November 2021
The EU wants at least 30m electric vehicles on the region's roads by 2030—a massive increase from the 3.3m in 2020. The transition to EVs and away from internal combustion engine cars, which the bloc wants to phase out by 2035, will require a vast number of batteries, even if the most ambitious targets are not reached.

Global demand for batteries is set to increase 14-fold by 2030, according to EU's own estimates, with the region expected to account for 17% of that demand at 443GWh. The bloc's demand will surpass 200GWh per year by 2023, the European Commission estimates.

Rapid demand growth means the potential value of a European battery value chain—mining, refining, cell manufacturing, battery packs and recycling—could be €250bn (US$283bn) in 2025, according to EU-backed investment vehicle EIT InnoEnergy.

While Europe has been slower than Asia to build battery centres and is almost entirely reliant on imported battery cells, the region is undergoing a fundamental shift to put its economic interests first. Indeed, Northvolt's Swedish battery factory, set to open later this year, marks the first big European-owned production line for battery cells. It is aiming to produce 60GWh of batteries per year by 2024, outpacing Tesla's gigafactory in Nevada.

Europe, including the UK, has plans for 38 battery factories, worth about EUR40bn (US$45bn), according to Brussel-based non-profit Transport & Environment. This includes six Volkswagen facilities and some dedicated country plants, such as Britishvolt in the UK. If all 38 gigafactories make it to production, they could be delivering as much as 462GWh worth of battery cells by 2025, and 1,144GWh by 2030.

This would mark a big jump from Europe's current production capacity, which the IEA has pegged at around 35GWhpa. AME, however, estimates it is closer to 56.6GWh (or 54.7GWh if the UK is excluded), with six plants currently in operation.

Building up Europe's battery production capacity is at the heart of the region's goal to boost fading competitiveness of its industrial sector. The market share of EU industry slipped from 25% in 2005 to 15.5% in 2018, according to the European Round Table for Industry. The fact that the industrial sector accounts for more than 20% of the bloc's GDP, 80% of its exports and employs 35m people underscores the necessity of reinvigorating the sector.

The auto sector is vital to Europe’s industry. But if it has to import batteries, which account for about 40% of the cost of an EV, the region loses out on the value-added part of the production chain—not the mention the technological knowledge and independence that comes from building them.

The tide has been turning over the last few years. Europe secured a record EUR60bn in EV investment in 2019, largely as a result of Volkswagen's electric push, compared to EUR17.1bn in China. In the previous year, Europe had attracted a meagre EUR3.2bn in private and public funds, dwarfed by China's massive EUR22bn.

Northvolt was one of the first beneficiaries of the European Battery Alliance (EBA), launched in 2017, which marked a turning point in the shift towards further government intervention in industry. While Germany and France have always supported state-directed investment, the EU advocated an open market with strict controls on public subsidies.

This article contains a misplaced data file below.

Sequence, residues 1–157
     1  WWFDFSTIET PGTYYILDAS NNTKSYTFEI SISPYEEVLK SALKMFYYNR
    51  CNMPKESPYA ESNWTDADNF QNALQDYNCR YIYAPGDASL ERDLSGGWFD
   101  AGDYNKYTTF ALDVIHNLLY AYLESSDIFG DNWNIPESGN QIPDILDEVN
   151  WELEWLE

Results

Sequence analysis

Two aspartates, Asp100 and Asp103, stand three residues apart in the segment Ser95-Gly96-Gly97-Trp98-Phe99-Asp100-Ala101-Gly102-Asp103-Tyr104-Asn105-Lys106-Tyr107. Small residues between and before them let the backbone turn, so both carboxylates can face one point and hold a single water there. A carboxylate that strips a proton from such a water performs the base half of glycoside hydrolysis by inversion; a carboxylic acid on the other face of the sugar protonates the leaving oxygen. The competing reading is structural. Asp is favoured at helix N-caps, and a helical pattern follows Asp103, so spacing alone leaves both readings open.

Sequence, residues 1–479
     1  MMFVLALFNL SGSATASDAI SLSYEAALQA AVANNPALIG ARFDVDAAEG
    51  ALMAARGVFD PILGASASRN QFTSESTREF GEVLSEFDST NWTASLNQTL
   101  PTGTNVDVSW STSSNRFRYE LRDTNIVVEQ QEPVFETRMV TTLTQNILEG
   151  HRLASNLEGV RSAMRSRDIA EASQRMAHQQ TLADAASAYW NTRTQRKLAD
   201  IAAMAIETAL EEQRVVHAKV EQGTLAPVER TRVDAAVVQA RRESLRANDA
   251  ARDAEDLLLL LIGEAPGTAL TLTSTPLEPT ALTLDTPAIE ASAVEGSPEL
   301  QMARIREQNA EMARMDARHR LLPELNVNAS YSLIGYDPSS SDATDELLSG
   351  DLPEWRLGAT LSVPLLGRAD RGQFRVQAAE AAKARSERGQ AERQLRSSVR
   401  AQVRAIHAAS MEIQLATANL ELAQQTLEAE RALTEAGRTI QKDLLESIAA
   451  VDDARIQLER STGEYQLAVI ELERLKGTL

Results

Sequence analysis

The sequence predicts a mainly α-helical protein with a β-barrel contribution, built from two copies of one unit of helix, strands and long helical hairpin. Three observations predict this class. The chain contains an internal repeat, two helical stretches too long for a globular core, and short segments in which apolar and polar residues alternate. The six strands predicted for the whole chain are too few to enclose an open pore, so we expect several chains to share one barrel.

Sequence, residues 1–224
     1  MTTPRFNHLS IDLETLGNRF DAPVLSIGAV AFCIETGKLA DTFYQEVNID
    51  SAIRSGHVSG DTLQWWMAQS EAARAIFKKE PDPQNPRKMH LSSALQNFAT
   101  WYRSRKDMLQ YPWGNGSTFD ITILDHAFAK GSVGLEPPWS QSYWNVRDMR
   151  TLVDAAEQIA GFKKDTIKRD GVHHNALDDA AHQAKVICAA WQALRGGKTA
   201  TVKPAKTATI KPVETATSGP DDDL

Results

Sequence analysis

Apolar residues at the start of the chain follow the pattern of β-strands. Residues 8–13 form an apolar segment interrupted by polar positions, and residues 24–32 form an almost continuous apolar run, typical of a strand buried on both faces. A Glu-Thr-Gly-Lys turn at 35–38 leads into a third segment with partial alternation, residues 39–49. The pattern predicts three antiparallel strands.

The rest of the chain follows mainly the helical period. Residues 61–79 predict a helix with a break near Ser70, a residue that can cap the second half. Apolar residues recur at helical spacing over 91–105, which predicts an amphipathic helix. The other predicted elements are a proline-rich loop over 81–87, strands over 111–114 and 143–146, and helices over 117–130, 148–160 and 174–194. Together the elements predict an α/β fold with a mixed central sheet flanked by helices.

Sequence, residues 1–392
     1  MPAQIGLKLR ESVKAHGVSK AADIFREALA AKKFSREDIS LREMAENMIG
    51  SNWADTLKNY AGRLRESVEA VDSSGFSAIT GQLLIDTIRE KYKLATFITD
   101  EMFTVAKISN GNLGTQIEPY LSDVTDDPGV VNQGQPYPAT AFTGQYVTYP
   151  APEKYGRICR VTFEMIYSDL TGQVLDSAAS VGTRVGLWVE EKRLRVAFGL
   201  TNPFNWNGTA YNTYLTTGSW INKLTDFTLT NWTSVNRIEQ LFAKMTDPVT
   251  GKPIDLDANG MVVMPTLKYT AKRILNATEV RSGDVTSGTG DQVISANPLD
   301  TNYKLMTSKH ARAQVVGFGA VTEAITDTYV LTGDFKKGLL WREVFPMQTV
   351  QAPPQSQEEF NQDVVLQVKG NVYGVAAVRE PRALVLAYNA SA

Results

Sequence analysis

But US technological might and rising Chinese development has prompted a rethink. The EBA was established to bolster Europe’s battery cell manufacturing capacity. In a further act of support, seven EU countries approved a EUR3.2bn (US$3.6bn) fund last year for the development of batteries through 2031. The European Commission expects it to generate a further EUR5bn (US$5.7bn) in private investment.

Sales of electric cars (BEV + PHEV) in the EU rose 112% in the first nine months of this year to 1.2m.  Electric cars comprised 48.7% of the EU's new passenger vehicle sales this year through September for a total 1.2m. This is up from a 23.9% share in the same period last year, according to AME analysis of data from the European Automotive Manufacturers Association.

European EV sales have been pushed higher by tightening emissions regulation, bans on driving combustion engine vehicles and generous subsidies as the bloc strives to become a net-zero emitter by 2050. In July, Germany—the biggest auto market in the EU—extended the grant of up to EUR9k (US$10,650) for an EV purchase that costs less than EUR04k through 2025. Meanwhile, the next generation of EU engine emission rules, known as Euro 7, are due to come into force in 2025 and are expected to fuel further adoption of EVs by making ICE cars more expensive.

The UK government has placed securing car battery investment as key to efforts to sustain the domestic auto industry. The government’s plan to ban the sale of new petrol and diesel cars by 2030 and hybrids by 2035 means vehicle manufacturers will have little choice but to make the shift to electric. Ministers have set aside GBP850m (US$1.1bn) to attract battery investment in the UK. The UK's first gigafactory—the GBP2.6bn (US$3.5bn) Britishvolt plant in Sunderland—is in talks to receive GBP200m (US$270m) of government funding.

Under the Brexit trade deal, UK car manufacturers will need 55% of the value of their EVs to be locally soured in order to export to the EU tariff-free from 2027. The battery cell has to have a local content of 65%, which increases to 70% for the battery pack. More than half of UK car exports are sent to the EU.

As European automakers expand their line-ups of electric vehicles, they are looking to play a bigger role in their battery supply chains to reduce costs and bolster resilience. Volkswagen snapped up a 26% stake in China's fourth largest battery producer, Gotion High-tech, last year for EUR1bn (US$1.1bn). Gotion sold 2.3GWh of batteries last year, just ahead of South Korea’s SK Innovation.

Meanwhile, Daimler has recently taken a 33% stake in French battery manufacturer Automotive Cells Company (ACC), a joint venture between automaker Stellantis and energy major TotalEnergies. The Mercedes-Benz parent company last year also invested US$480m for a 3% stake in China's seventh largest battery producer Farasis Energy (Gan Zhou) Co. Daimler plans to invest EUR40bn (US$47bn) to construct eight gigafactories—including four in Europe—to build out 200GWh of battery cell capacity.